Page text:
What can you do?

A construction work zone is considered “operational” 24 hours a day, even if workers are not present. It is critical for drivers to remember that they are driving through a place of business. Because of this, it is imperative that the public reduce speed and expect delays while approaching work zones because many of these can have narrow traffic lanes, closed shoulders, and workers close to live traffic. With free, active maps on every smartphone, there is no reason why drivers should not be aware of conditions facing them. If the maps show delays, plan an alternate route.

Also, the color orange is your clue! When orange signs, barrels, cones and barricades are in place, drivers should SLOW DOWN and watch for highway workers. If orange is not an acceptable color, they will likely see red and blue lights shortly after. To save lives and property, all fines double in work zones, including speeding and talking on cellphones.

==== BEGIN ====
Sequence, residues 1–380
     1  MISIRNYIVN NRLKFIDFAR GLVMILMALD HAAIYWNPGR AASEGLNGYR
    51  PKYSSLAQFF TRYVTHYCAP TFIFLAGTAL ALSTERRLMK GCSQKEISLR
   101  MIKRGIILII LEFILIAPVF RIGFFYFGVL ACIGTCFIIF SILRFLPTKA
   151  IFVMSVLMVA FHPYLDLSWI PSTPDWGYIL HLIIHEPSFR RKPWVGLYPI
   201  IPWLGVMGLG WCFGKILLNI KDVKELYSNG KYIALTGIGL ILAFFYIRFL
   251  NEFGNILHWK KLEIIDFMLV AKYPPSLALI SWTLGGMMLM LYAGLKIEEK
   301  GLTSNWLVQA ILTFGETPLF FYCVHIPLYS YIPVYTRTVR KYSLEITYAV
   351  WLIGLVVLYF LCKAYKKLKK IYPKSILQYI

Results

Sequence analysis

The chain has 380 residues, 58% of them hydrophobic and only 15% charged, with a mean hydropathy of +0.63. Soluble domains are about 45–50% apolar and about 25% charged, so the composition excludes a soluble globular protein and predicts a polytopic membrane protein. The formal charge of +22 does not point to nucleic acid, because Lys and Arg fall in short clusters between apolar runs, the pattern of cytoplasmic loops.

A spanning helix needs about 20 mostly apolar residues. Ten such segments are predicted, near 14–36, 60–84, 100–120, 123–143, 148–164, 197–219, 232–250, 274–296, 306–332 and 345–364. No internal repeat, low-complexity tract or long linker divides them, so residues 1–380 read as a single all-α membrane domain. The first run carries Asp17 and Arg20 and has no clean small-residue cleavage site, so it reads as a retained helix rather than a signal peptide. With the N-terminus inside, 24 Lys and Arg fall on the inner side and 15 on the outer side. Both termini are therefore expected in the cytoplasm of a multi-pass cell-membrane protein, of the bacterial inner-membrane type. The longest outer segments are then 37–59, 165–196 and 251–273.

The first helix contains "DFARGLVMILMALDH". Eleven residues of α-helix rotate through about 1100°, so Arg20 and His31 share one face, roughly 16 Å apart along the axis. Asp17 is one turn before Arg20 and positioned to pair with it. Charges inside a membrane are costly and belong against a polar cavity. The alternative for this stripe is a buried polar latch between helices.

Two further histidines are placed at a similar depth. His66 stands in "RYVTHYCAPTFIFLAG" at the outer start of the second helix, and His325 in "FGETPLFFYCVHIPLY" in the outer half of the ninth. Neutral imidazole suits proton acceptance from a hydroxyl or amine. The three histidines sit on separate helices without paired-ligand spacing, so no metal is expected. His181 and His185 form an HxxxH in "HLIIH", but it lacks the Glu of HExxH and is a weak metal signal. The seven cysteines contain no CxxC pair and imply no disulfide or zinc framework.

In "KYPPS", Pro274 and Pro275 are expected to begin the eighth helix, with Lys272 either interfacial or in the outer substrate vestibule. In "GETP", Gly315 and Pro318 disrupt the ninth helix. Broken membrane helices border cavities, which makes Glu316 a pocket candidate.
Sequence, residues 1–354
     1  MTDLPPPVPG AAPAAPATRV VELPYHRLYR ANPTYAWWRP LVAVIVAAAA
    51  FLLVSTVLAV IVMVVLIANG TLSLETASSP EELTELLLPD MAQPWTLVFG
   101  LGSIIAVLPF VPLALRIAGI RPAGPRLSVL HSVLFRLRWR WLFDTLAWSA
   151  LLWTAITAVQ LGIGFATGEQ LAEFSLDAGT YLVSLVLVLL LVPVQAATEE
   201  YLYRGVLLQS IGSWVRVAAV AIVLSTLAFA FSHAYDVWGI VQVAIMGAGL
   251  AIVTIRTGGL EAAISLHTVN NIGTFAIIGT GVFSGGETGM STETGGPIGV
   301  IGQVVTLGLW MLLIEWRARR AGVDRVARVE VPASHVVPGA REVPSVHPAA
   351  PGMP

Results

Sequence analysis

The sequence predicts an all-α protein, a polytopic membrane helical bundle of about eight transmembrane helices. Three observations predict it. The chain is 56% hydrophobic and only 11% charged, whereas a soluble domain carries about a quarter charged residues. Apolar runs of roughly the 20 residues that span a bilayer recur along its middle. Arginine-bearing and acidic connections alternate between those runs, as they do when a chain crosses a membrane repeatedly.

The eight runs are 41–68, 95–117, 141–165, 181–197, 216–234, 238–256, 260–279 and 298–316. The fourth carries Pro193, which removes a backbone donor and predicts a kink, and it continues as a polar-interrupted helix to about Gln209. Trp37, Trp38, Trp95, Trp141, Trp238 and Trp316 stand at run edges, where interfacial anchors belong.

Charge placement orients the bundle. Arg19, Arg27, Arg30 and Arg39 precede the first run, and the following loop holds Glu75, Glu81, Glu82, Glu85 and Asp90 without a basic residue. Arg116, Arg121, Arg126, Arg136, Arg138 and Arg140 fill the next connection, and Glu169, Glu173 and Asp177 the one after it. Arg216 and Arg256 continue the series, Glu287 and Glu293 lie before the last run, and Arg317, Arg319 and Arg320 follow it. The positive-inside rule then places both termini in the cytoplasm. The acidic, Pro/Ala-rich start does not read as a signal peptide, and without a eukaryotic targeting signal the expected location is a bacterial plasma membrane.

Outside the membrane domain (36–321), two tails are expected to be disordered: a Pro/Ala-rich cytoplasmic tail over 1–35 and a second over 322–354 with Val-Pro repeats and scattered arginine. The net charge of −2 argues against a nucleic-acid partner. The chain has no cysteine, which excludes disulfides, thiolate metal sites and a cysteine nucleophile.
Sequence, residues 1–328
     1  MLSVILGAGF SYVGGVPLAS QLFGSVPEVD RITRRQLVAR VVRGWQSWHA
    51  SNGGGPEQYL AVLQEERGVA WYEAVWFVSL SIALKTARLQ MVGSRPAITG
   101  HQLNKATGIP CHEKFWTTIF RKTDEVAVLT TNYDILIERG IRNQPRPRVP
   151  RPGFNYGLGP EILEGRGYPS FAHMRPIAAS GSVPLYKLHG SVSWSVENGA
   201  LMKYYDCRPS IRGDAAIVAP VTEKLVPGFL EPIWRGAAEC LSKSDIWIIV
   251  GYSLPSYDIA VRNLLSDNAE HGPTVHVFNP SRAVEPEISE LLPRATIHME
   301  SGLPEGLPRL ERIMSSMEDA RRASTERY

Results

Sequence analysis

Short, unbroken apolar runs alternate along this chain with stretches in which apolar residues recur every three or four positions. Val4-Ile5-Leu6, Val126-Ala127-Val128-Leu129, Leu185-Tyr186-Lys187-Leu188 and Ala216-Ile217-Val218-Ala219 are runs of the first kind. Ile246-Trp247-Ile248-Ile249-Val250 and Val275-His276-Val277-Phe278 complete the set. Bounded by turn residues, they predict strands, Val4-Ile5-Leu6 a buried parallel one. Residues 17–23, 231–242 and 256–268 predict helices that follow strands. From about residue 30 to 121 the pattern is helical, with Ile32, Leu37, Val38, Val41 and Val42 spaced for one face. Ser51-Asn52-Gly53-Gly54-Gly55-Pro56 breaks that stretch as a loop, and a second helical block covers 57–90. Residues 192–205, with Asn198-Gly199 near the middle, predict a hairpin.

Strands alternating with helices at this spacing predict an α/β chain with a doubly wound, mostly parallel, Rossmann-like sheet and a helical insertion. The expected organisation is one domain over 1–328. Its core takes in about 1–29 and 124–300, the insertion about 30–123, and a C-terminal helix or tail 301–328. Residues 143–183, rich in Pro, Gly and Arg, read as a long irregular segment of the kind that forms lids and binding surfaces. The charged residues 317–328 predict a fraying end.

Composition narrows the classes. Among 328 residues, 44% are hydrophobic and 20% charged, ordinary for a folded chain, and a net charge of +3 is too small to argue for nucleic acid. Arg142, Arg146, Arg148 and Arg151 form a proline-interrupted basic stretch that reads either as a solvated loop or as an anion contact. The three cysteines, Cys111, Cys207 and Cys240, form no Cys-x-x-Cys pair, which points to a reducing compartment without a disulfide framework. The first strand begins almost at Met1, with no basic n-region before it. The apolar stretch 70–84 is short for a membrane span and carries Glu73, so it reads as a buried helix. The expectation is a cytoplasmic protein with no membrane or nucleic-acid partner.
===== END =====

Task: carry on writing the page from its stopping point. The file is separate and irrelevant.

Change is difficult. It is hard to change the habit prioritizing work zone safety standards when many drivers believe speeding is more important to reach the next business appointment or child’s swim lesson on time. And in the West, drivers tend to believe driving is a right and not a privilege. That thinking is dangerous and potentially deadly.

Especially as our industry enters one of its busiest seasons, there are new opportunities to refocus on the importance of safety in work zones and the incredibly critical role the public has in maintaining a safe work environment for our employees. There is nothing more important than for drivers to arrive alive, and for our workers to go home to their families every night.

Mike Salsgiver is the executive director of Associated General Contractors’ Oregon-Columbia chapter. Contact him at 503-685-8305 or

To view the column online, please click here (DJC subscription required).